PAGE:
The Fresh Klang act for November is dancer, choreographer and performance artist Camilla Isola, a Trinity Laban graduate in her early twenties at the start of what promises to be an interesting career. She’ll be premiering a brand new solo work which, like the Alex Hills piece, draws on ideas and inspirations from ‘Flatland’, exploring dimensional states and the physical dilemma of the body. One of her previous pieces is shown below:

 
DJs from Carrier Records (the seven-year-old New York improv, experimental and contemporary classical label who released the Alex Hill album mentioned above) will see out the remaining gaps in the evening.

* * * * * * * *

SOLO presents:
SOLO 02: Daniel Pioro
Crypt of @ St Andrew Holborn, 5 St Andrew St, Holborn, London, EC4A 3AB, England
Friday 25 November 2016, 7.00pm
information

The intimate concert recital series SOLO – showcasing unusual works for solo instruments from early music through to new commissions – returns with a showcase in the vaulted crypt of St Andrew Holborn from acclaimed violinist Daniel Pioro.

Daniel Pioro, 2016 (photo © Claire Shovelton)

Daniel Pioro, 2016 (photo © Claire Shovelton)

As player, commissioner, leader and active champion of new music, Daniel’s experience is broad and assertive. He’s a member of innovative chamber ensemble CHROMA, current leader of the Fibonacci Sequence, and the former leader of the London Contemporary Orchestra (with whom he’s played, amongst other pieces, the ‘Triple Concerto’ by Radiohead polymath Jonny Greenwood and Schnittke’s notorious ‘Concerto Grosso No. 1’). He’s worked as a soloist or ensemble player with the Orchestra of St Johns Smith Square (Mozart’s ‘Sinfonia Concertante’, John Woolrich’s ‘Capriccio’), the BBC Philharmonic (Colin Matthews’ ‘Violin Concerto’, Thomas Adès’s ‘Concentric Paths’) and the London Sinfonietta. Daniel has also forged close musical working and performance relationships with a variety of contemporary dancers and with author Michael Morpurgo.

For this concert, Daniel will celebrate and share his eclectic tastes via a set list including “everything from the intricacies of Heinrich Ignaz Franz von Biber’s ‘Passacaglia for Solo Violin’ to the mind-bending repetitions of ‘Knee Play No. 2′ from Philip Glass’ extraordinary opera ‘Einstein on the Beach’.” Also on the set list is ‘Elsewhere’ by Edmund Finnis (a violin-and-reverb piece which Daniel debuted at St Johns Smith Square in June this year), works by American composers La Monte Young and Pulitzer Prize-winning Caroline Shaw (of ACME and Roomful Of Teeth) and the world première of a new piece by SOLO curator Alex Groves. There’ll also be another as-yet-unspecified baroque violin piece: this time by eighteenth-century composer-performer Nicola Matteis, an emigre virtuoso once reknowned throughout Georgian London, subsequently forgotten as a composer until the late twentieth century. (This performance will restore some of his music to its old haunts.)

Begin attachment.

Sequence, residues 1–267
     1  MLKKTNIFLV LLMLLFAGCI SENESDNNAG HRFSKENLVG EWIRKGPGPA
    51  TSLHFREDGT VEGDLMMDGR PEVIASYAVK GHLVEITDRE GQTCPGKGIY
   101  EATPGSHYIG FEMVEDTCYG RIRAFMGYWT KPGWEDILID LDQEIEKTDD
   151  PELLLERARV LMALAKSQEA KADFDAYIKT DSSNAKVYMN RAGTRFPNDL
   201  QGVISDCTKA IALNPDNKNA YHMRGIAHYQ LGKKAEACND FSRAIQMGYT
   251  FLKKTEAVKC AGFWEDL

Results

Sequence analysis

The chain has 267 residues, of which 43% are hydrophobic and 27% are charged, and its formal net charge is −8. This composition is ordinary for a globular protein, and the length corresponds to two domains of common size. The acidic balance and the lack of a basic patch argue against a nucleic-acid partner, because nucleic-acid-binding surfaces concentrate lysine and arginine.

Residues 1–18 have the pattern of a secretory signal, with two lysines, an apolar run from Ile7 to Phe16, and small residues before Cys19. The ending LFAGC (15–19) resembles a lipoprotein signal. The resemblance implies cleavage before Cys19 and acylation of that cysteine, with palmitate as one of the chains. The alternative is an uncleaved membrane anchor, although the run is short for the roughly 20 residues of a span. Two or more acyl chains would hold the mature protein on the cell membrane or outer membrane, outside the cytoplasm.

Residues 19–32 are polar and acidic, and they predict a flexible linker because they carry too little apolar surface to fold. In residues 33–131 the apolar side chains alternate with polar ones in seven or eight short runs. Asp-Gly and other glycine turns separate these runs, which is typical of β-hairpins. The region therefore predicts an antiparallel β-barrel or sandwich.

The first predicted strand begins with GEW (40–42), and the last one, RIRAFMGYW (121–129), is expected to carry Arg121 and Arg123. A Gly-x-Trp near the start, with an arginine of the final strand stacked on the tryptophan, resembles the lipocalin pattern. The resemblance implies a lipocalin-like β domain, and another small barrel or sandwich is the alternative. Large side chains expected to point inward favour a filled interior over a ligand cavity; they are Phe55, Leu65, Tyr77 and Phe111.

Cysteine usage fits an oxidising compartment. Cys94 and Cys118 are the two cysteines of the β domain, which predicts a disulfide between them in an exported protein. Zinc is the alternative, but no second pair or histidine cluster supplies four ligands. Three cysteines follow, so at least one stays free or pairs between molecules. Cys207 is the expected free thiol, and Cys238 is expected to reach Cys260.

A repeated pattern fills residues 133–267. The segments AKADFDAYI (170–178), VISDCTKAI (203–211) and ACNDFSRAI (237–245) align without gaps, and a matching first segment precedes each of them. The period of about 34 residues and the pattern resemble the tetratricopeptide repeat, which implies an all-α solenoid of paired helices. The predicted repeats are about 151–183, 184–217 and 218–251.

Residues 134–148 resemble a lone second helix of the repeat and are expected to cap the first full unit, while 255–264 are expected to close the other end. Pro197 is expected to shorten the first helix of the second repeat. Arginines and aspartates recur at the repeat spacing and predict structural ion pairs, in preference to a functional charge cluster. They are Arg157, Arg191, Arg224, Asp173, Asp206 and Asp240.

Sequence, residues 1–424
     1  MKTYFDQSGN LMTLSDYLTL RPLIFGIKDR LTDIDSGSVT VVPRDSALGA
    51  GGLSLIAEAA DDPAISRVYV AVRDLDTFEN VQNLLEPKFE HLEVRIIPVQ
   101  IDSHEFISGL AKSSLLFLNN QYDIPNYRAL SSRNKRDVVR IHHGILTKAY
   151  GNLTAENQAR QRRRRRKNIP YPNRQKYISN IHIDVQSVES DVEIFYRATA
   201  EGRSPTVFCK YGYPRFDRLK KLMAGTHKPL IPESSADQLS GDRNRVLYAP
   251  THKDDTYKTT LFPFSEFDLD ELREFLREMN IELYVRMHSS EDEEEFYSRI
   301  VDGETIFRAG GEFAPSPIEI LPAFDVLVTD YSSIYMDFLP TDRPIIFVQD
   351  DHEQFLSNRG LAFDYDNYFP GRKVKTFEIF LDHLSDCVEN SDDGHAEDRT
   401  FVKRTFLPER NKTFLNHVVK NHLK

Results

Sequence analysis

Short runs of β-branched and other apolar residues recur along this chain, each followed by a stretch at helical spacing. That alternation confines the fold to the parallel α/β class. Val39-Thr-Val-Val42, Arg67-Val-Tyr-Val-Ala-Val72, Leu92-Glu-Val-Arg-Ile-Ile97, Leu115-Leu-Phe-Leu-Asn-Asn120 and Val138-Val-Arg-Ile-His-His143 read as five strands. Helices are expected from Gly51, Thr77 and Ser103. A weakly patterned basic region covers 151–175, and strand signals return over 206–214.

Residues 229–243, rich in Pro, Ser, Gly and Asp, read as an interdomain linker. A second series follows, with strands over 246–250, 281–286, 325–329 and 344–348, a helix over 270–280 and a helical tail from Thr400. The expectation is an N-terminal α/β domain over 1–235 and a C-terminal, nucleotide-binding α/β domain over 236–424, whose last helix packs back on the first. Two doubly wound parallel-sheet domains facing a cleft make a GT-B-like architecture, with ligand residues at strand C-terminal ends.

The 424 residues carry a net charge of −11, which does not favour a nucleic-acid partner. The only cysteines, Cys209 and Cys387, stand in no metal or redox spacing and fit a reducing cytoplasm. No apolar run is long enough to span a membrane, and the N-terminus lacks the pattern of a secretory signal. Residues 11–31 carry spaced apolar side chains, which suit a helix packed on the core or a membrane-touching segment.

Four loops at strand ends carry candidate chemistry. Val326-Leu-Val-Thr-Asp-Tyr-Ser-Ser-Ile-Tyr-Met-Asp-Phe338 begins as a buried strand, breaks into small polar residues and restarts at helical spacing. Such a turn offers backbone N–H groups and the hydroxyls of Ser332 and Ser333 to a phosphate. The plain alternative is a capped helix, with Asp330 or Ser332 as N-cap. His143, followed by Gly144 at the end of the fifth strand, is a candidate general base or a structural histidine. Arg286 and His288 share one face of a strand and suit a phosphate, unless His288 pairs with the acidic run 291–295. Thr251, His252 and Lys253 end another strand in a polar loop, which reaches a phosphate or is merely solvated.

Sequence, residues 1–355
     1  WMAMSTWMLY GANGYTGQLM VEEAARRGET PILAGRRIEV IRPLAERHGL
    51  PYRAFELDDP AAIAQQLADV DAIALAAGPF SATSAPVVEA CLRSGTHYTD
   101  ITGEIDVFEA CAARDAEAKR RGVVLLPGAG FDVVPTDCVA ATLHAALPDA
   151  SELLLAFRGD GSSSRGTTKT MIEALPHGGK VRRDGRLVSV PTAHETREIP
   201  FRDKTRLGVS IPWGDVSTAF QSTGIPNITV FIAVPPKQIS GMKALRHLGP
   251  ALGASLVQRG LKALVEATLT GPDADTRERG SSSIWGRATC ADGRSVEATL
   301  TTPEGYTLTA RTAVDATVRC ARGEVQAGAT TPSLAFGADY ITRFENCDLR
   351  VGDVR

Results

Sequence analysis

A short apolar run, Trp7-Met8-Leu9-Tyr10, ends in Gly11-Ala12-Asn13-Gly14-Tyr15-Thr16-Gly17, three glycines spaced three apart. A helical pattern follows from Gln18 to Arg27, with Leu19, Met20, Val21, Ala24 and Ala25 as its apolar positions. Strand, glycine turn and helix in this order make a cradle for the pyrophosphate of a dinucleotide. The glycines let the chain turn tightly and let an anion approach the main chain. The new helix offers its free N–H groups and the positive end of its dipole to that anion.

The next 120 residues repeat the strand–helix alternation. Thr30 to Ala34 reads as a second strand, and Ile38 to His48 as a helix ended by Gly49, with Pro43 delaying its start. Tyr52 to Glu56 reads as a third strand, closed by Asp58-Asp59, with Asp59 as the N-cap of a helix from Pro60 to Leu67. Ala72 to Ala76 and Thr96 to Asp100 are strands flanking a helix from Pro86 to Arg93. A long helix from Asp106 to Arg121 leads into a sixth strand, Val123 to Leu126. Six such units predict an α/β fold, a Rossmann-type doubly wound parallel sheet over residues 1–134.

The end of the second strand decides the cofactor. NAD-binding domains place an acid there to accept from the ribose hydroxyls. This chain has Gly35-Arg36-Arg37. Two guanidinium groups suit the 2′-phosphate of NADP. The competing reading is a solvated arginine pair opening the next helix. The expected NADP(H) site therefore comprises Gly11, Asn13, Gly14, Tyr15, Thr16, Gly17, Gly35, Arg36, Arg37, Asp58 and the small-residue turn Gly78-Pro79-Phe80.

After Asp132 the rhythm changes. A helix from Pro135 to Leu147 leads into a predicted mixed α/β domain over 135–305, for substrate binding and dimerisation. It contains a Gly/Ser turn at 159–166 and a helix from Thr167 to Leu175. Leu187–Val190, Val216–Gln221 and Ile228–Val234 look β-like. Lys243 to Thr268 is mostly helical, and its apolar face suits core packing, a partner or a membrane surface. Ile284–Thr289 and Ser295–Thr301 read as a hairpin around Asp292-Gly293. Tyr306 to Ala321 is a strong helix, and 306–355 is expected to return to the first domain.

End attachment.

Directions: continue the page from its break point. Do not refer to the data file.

No doubt there’ll be a more detailed set list emerging shortly, when tickets go on sale.
 

October/November 2016 – upcoming gigs – Pierre Bensusan’s autumn tour of Britain and Ireland (30th October to 20th November)

26 Oct

Pretty much a year to the day since his last appearance in London, French-Algerian acoustic guitar master Pierre Bensusan is returning to town this Sunday for the start of a British and Irish tour. The tour will be taking in a delightfully broad sweep of venues both grand and humble, rowdy and formal, from pubs and multi-utility community rooms to concert halls. Most of them will have little in common at the start of the show. By the end, they’ll all be sharing the particular warmth which Pierre brings to his expansively intimate music and performances.

World music’s an often-abused term, especially when you can see crude joins within it. Yesterday’s exotic-record discovery shopped and slopped onto whichever beats selling; or the sound of one particular city’s overbearing acquisitiveness, engulfing and pickling the music of its immigrants rather than fostering it. Pierre’s music is an example of how you can revitalise and justify the term. I’ve spoken before about the French-Algerian-Sephardic background which gave him a head start as regards polycultural vision, but perhaps what he actually embodies is the mixed grain of musical acceptance: the travelling tunes and the more intangible freight of cultures soaking and blending into his playing without strain. Neither jazz nor folk nor Spanish classical, neither rai nor chaabi, nor flamenco (old or new), it nonetheless contains all of these – a translucent, fully-realised and seamless chamber-acoustic melange, played softly and without affectation.


 

Full tour dates below: